Source: Reuters: Health - July 24, 2017 Category: Consumer Health News Tags: healthNews Source Type: news

Two H1N1 flu cases suspected at Myanmar hospital
YANGON (Reuters) - A hospital in Myanmar's biggest city, Yangon, is treating two patients suspected to have contracted H1N1 influenza, a doctor said on Monday, as the government began responding to a potential new outbreak of the virus known as swine flu. (Source: Reuters: Health)
Source: Reuters: Health - July 24, 2017 Category: Consumer Health News Tags: healthNews Source Type: news

'Painless' flu vaccine skin patch shows promise
Conclusion Further testing in larger trials needs to be done to be sure these initial results hold true and that the vaccine patch is safe and effective. This is the first time these flu microneedle patches have been tested on humans, and the study was relatively small, with only 100 participants. But if the results are confirmed, this new method of delivering the flu vaccination could make a big difference. The patches could have several main advantages over traditional injections: they may be preferred by people who dislike needles and avoid vaccination because of the fear of pain it may be quicker and easier to admi...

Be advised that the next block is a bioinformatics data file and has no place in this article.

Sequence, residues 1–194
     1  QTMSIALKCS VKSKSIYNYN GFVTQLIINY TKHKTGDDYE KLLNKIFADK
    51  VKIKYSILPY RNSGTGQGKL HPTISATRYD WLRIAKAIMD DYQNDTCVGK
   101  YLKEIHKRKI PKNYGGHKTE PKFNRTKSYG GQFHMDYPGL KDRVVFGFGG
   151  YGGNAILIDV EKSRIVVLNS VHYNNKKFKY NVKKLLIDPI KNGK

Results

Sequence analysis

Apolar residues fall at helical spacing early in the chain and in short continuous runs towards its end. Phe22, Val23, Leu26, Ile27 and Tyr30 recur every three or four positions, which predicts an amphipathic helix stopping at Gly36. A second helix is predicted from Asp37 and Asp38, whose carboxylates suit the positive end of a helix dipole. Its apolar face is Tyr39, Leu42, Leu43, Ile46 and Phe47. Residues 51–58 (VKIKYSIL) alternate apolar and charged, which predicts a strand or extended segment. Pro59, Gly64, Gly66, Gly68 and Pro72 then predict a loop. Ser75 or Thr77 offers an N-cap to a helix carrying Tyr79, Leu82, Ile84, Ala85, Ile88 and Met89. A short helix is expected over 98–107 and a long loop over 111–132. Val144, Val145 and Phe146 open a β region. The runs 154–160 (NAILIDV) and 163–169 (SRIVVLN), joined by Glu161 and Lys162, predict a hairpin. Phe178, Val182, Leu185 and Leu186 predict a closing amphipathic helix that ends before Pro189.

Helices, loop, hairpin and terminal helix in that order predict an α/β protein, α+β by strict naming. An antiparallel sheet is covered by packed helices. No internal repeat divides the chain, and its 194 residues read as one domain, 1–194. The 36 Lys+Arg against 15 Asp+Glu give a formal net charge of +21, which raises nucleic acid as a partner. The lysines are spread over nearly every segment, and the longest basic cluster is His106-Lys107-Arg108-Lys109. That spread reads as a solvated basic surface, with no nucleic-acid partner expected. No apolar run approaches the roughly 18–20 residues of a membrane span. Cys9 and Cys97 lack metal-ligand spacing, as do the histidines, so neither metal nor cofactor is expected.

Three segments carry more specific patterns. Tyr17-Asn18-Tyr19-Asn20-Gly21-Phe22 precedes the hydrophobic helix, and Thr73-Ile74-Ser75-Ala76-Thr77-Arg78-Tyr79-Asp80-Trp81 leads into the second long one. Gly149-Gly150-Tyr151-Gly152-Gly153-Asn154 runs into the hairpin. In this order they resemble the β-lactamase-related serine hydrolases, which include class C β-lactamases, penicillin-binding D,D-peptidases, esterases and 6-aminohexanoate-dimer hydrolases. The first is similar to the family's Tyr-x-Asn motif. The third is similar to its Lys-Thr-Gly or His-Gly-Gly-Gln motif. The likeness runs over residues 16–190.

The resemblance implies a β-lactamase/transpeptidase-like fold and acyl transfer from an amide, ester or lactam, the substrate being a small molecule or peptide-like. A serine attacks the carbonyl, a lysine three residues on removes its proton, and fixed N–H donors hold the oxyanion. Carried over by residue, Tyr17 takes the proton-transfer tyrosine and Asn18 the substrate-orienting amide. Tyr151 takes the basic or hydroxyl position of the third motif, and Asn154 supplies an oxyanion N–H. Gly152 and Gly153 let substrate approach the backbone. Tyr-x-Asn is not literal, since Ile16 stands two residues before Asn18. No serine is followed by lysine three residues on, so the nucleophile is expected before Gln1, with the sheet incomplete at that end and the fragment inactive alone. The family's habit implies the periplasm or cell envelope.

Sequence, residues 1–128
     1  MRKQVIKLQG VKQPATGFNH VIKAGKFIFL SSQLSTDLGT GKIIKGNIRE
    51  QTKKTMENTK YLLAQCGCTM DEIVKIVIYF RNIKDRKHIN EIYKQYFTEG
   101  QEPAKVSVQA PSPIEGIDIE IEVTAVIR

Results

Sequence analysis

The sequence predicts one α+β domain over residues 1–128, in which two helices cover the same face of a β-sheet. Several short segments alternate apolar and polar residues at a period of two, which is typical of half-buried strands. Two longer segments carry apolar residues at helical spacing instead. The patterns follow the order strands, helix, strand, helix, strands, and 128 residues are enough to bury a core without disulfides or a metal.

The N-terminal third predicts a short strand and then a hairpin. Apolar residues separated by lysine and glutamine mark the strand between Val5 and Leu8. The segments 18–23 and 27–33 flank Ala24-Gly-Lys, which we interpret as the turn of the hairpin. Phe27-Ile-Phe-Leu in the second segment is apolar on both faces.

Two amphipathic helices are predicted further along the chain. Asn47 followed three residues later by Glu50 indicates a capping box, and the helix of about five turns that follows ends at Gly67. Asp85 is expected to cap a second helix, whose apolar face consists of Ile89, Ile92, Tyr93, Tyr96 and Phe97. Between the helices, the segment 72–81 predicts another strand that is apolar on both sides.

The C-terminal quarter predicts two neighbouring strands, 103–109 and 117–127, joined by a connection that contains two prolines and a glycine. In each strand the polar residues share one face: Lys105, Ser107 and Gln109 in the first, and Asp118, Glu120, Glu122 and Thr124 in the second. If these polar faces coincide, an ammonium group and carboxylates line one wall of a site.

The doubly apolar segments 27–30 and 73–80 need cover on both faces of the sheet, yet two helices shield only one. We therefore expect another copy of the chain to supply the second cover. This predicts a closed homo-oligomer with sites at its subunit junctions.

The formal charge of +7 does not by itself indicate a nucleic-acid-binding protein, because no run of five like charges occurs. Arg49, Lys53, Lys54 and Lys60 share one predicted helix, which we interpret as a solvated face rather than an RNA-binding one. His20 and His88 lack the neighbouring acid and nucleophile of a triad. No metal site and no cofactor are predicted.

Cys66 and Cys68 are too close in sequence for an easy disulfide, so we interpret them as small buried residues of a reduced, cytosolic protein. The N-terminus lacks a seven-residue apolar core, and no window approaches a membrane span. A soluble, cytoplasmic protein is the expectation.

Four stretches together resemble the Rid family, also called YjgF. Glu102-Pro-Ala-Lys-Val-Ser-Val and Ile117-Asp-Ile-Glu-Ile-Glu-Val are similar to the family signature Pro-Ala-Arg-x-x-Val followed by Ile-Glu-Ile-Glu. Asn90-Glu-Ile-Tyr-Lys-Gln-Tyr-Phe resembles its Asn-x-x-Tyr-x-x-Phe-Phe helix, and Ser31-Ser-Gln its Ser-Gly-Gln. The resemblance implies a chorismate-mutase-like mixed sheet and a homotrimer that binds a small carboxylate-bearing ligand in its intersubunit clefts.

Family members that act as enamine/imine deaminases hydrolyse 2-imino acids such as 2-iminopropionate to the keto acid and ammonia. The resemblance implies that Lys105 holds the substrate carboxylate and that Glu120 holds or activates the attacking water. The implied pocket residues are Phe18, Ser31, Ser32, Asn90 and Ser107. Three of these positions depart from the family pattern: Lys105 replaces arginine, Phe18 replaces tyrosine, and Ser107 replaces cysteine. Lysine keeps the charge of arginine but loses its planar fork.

Source: NHS News Feed - June 28, 2017 Category: Consumer Health News Tags: Medical practice Medication Swine flu Source Type: news

Is a new flu pandemic just three mutations away?
Conclusion This laboratory study analysed an H7N9 strain of bird flu. Researchers wanted to explore whether a particular change to the surface proteins of a virus was capable of allowing the strain to bind to human tissue. This would theoretically lead to human-to-human transmission of the flu virus. It is worth noting that this ability to attach to human cells does not necessarily mean a mutated bird flu virus will be able to infect, replicate and transmit between humans. Other changes would also be required. However, they were unable to further investigate whether this surface change could lead to human-to-human transmis...
Source: NHS News Feed - June 16, 2017 Category: Consumer Health News Tags: Heart/lungs Medical practice Source Type: news

Annual Epidemiological Report for 2015: Zoonotic Influenza
This report provides 2015 data on cases of zoonotic influenza reported worldwide and by European Union/European Economic Area countries. It discusses cases of avian and swine influenza by each type of zoonotic influenza. It provides information on methods, discussion facts, and public health conclusions. (Text) (Source: Disaster Lit: Resource Guide for Disaster Medicine and Public Health)
Source: Disaster Lit: Resource Guide for Disaster Medicine and Public Health - June 12, 2017 Category: International Medicine & Public Health Authors: The U.S. National Library of Medicine Source Type: news

Frog slime could protect us against future flu epidemic